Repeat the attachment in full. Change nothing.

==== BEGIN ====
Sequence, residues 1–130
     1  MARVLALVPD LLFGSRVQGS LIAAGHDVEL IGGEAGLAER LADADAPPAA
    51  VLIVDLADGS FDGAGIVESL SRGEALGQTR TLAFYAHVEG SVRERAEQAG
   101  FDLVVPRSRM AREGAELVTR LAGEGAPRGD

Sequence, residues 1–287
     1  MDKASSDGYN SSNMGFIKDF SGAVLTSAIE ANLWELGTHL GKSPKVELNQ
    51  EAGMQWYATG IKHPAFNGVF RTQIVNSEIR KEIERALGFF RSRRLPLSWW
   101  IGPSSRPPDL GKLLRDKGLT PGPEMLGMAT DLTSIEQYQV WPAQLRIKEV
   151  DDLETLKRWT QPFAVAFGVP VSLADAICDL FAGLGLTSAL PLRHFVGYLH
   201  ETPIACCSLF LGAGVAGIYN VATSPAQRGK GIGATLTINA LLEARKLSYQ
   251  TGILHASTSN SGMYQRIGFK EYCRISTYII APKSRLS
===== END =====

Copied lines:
Sequence, residues 1–130
     1  MARVLALVPD LLFGSRVQGS LIAAGHDVEL IGGEAGLAER LADADAPPAA
    51  VLIVDLADGS FDGAGIVESL SRGEALGQTR TLAFYAHVEG SVRERAEQAG
   101  FDLVVPRSRM AREGAELVTR LAGEGAPRGD

Sequence, residues 1–287
     1  MDKASSDGYN SSNMGFIKDF SGAVLTSAIE ANLWELGTHL GKSPKVELNQ
    51  EAGMQWYATG IKHPAFNGVF RTQIVNSEIR KEIERALGFF RSRRLPLSWW
   101  IGPSSRPPDL GKLLRDKGLT PGPEMLGMAT DLTSIEQYQV WPAQLRIKEV
   151  DDLETLKRWT QPFAVAFGVP VSLADAICDL FAGLGLTSAL PLRHFVGYLH
   201  ETPIACCSLF LGAGVAGIYN VATSPAQRGK GIGATLTINA LLEARKLSYQ
   251  TGILHASTSN SGMYQRIGFK EYCRISTYII APKSRLS